The present state-of-the-art for groundwater monitoring relies heavily on withdrawal of water samples for subsequent laboratory analysis. This process is time consuming and operator-intensive. The use of in situ sensors would obviate much of the sample manipulation and on-site labor required. The objective of this project was to establish proof-of-principle for a new class of sensors for monitoring toxic metal ions in groundwater utilizing nanoengineered, highly selective, high surface area sorbent materials.

Technical Approach

This project consisted of three tasks. First, functionalized mesoporous silica-based sorbent materials were embedded in conductive carbon paste, and thiol functionalized mesoporous silica (SH-FMS) thin films were applied to the faces of electrodes to create the Thiol-Self-Assembled Monolayer on Mesoporous Silica (SH-SAMMS). Secondly, the SAMMS were used to perform square wave anodic stripping voltammetry (SWASV) to demonstrate detection of Pb2+ and Hg2+ from aqueous solution. Finally, the feasibility of depositing the functionalized mesoporous silica thin films to interdigitated electrodes was examined, to determine whether adsorption of metal ions from solution would create a capacitive signal, thereby providing proof of principle of another class of sensor based on functionalized mesoporous silica sorbents.


It was found that the SH-SAMMS modified carbon paste electrode coupled with an anodic stripping voltammetry technique could be used to detect lead (II) and mercury (II) simultaneously. The SH-SAMMS modified carbon paste electrode had many advantages over the existing chemically modified electrodes, which normally use commercially-available ligands as the modifiers. The high surface area of the mesoporous silica and the covalent binding between the thiol (-SH) groups in SH-SAMMS and metal ions in solution made SAMMS a better sorbent than existing commercial ligands. The SH-SAMMS were shown to be dramatically faster and more selective for adsorption of Hg, with the selectivity a factor of 1000 higher than that of DuoliterTM GT-73, an organic ion exchange resin commonly used for Hg removal.

The selectivity of SH-SAMMS to the target metal ions (Hg and Pb) also was notable, as SAMMS did not accumulate common metal ions such as sodium and calcium, which are often present in wastewaters at much higher concentrations than the target ions. The high loading capacity and high selectivity of SH-SAMMS are desirable for metal ion detection because they minimize the competition for the binding sites of the non-target species, thereby reducing the interferences and preserving the signal intensity of the target metal ions. Additionally, since SAMMS particles are not conductive, the high surface of the material did not contribute to the charging current of the SAMMS modified carbon paste electrode.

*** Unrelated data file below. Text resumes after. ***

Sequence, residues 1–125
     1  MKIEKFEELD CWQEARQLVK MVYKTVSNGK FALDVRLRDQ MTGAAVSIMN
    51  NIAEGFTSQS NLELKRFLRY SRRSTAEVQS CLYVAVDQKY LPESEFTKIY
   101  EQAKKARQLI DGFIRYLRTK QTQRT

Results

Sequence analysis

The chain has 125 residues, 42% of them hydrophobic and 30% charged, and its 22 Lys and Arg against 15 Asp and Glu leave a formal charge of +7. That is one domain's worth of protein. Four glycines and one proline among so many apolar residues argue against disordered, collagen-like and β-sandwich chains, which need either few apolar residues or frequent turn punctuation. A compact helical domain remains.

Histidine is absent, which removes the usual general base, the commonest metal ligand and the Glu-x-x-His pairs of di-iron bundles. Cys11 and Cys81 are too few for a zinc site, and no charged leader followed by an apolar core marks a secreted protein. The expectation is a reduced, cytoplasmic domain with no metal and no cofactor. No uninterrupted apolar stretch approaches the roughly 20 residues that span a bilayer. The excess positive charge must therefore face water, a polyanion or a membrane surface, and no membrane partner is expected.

The binding between SH-SAMMS and metal ions was reversible, therefore the SH-SAMMS based electrodes could be easily regenerated without damaging the ligand monolayer by desorption of the preconcentrated species in an acidic solution. By choosing an appropriate acid solution as a stripping medium, the electrodes were, usually, ready for reuse after the stripping voltammetric measurement. The special advantage of using SAMMS over other organic ligands is that de-aeration of the sample, electrolysis medium, and stripping medium is not required, making the SAMMS-modified electrodes suitable for integration into portable sensor devices for on-site metal detection. In addition, self-assembled monolayer chemistry readily allows installation of a wide variety of chemical monolayers that can be tailored to specific metal ion detection needs when used as electrode modifiers.


This project demonstrated that these electrodes have potential to be a promising selective detection technology for monitoring toxic metal ions in groundwater. The selectivity of the SAMMS technology coupled with the rapid collection and detection methods afforded by the SWASV technique represent a clear step forward in the development of devices for rapid, fieldable devices for environmental remediation and testing for adherence to water quality standards.